String image109 strings & booleans The ability to select multiple values based on what exists in the column. Notice the “Show Missing Only” toggle, this will only show up if your column has nan values
Date image110 dates Specify a range of dates to filter on based on start & end inputs
Numeric image111 ints & floats For integers the “=” will be similar to strings where you can select multiple values based on what exists in the column. You also have access to other operands: <,>,<=,>=,() - “Range exclusve”, [] - “Range inclusive”.

Moving Columns


All column movements are saved on the server so refreshing your browser won’t lose them :ok_hand:

Hiding Columns


All column movements are saved on the server so refreshing your browser won’t lose them :ok_hand:


As simple as it sounds, click this button to delete this column from your dataframe.


Update the name of any column in your dataframe to a name that is not currently in use by your dataframe.



This feature allows users to replace content on their column directly or for safer purposes in a brand new column. Here are the options you have:

Type Data Types Description Menu
Value(s) all Replace specific values in a column with raw values, output from another column or an aggregation on your column image115
Spaces Only strings Replace string values consisting only of spaces with raw values image116
Contains Char/Substring strings Replace string values containing a specific character or substring image117
Scikit-Learn Imputer numeric Replace missing values with the output of using different Scikit-Learn imputers like iterative, knn & simple image118

Here’s a quick demo: image119


Adds your column to “locked” columns - “locked” means that if you scroll horizontally these columns will stay pinned to the right-hand side - this is handy when you want to keep track of which date or security_id you’re looking at - by default, any index columns on the data passed to D-Tale will be locked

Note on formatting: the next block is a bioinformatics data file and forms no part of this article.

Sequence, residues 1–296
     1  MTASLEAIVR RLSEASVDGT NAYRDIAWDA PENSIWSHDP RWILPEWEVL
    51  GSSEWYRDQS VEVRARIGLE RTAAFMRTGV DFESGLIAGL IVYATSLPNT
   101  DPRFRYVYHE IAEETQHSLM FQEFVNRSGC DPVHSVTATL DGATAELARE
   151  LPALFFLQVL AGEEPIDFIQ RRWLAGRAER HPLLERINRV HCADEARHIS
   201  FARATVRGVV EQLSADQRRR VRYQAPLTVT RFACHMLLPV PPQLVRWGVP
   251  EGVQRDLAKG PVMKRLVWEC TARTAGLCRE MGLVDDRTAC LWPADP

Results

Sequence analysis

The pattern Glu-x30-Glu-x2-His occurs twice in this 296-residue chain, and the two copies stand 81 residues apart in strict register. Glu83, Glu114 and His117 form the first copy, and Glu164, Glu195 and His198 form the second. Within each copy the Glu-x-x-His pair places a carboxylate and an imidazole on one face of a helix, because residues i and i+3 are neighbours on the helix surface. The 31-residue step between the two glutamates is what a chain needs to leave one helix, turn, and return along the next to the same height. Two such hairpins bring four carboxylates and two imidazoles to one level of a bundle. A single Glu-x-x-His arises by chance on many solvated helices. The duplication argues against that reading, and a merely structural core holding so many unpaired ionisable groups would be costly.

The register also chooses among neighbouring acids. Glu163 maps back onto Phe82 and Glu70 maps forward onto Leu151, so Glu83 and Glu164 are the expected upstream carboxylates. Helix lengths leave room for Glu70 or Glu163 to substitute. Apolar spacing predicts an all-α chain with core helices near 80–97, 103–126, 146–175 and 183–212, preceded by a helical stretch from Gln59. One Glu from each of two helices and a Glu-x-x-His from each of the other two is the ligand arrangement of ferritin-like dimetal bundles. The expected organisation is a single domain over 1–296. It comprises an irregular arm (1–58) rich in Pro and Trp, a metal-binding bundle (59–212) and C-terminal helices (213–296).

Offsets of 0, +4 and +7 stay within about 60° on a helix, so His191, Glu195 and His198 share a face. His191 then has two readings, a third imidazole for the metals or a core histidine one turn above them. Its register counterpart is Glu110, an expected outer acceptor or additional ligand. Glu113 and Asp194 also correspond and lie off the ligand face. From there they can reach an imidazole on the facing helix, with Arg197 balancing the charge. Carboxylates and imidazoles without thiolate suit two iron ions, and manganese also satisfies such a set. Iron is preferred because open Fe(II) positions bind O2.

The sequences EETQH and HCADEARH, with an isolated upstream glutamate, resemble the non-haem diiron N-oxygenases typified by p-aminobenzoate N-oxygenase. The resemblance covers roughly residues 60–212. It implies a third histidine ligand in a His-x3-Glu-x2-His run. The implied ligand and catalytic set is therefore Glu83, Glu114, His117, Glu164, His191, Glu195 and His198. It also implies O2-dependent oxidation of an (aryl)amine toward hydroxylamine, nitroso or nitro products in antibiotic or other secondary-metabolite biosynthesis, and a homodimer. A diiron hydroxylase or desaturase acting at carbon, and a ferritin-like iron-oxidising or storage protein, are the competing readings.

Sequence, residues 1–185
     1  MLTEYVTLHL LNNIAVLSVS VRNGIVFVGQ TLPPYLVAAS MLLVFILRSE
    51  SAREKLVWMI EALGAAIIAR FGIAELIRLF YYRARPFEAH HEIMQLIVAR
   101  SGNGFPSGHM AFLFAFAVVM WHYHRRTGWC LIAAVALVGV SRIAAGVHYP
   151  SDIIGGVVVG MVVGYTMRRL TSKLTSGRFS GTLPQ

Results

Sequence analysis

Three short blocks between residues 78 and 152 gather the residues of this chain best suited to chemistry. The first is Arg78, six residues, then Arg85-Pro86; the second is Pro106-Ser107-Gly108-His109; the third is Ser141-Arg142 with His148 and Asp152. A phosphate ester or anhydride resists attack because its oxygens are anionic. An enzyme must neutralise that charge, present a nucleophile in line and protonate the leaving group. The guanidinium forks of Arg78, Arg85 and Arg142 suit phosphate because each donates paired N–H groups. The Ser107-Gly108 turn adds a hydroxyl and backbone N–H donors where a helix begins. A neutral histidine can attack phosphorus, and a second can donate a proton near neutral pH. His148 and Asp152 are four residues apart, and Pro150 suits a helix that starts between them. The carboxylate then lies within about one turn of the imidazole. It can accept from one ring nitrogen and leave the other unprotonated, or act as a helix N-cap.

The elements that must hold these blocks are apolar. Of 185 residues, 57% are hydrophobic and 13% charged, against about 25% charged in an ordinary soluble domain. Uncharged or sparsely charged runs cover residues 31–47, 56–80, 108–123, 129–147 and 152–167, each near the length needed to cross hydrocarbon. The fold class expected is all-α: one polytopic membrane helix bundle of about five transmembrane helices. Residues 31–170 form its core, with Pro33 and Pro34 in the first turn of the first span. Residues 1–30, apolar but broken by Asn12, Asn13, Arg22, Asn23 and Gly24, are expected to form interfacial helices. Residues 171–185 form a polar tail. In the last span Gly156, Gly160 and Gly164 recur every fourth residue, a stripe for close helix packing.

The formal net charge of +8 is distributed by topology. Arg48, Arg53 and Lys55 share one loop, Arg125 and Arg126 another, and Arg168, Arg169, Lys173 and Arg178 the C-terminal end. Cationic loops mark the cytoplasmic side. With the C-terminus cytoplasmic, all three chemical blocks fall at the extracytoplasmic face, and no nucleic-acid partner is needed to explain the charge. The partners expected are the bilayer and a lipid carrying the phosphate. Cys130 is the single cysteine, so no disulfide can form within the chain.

Removed column from “locked” columns


Applies/removes sorting (Ascending/Descending/Clear) to the column selected

Important: as you add sorts they sort added will be added to the end of the multi-sort. For example:

Action Sort
click “a”  
sort asc a (asc)
click “b” a (asc)
sort desc a (asc), b(desc)
click “a” a (asc), b(desc)
sort None b(desc)
sort desc b(desc), a(desc)
click “X” on sort display  


Apply simple formats to numeric values in your grid

Type Editing Result
Numeric image120 image121
Date image122 image123
String image124 image125

For all data types you have the ability to change what string is ued for display.

For numbers here’s a grid of all the formats available with -123456.789 as input:

Format Output
Precision (6) -123456.789000
Thousands Sep -123,456.789
Abbreviate -123k
Exponent -1e+5
BPS -1234567890BPS
Red Negatives -123457

For strings you can apply the follwoing formats: * Truncation: truncate long strings to a certain number of characters and replace with an allipses “…” and see the whole value on hover. * Hyperlinks: If your column is comprised of URL strings you can make them hyperlinks which will open a new tab

Column Analysis

Based on the data type of a column different charts will be shown.

Chart Data Types Sample
Histogram Float, Int image126
Value Counts Int, String, Bool, Date, Category image127
Category Float image128

Histogram can be displayed in any number of bins (default: 20), simply type a new integer value in the bins input

Value Count by default, show the top 100 values ranked by frequency. If you would like to show the least frequent values simply make your number negative (-10 => 10 least frequent value)

Value Count w/ Ordinal you can also apply an ordinal to your Value Count chart by selecting a column (of type int or float) and applying an aggregation (default: sum) to it (sum, mean, etc…) this column will be grouped by the column you’re analyzing and the value produced by the aggregation will be used to sort your bars and also displayed in a line. Here’s an example:


Category (Category Breakdown) when viewing float columns you can also see them broken down by a categorical column (string, date, int, etc…). This means that when you select a category column this will then display the frequency of each category in a line as well as bars based on the float column you’re analyzing grouped by that category and computed by your aggregation (default: mean).


These are key combinations you can use in place of clicking actual buttons to save a little time:

Keymap Action
shift+m Opens main menu*
shift+d Opens “Describe” page*
shift+f Opens “Custom Filter”*
shift+b Opens “Build Column”*
shift+c Opens “Charts” page*
shift+x Opens “Code Export”*
esc Closes any open modal window & exits cell editing

* Does not fire if user is actively editing a cell.

For Developers


Clone the code (git clone ssh://, then start the backend server:

$ git clone ssh://
# install the dependencies
$ python develop
# start the server
$ python dtale --csv-path /home/jdoe/my_csv.csv --csv-parse_dates date

You can also run dtale from PyDev directly.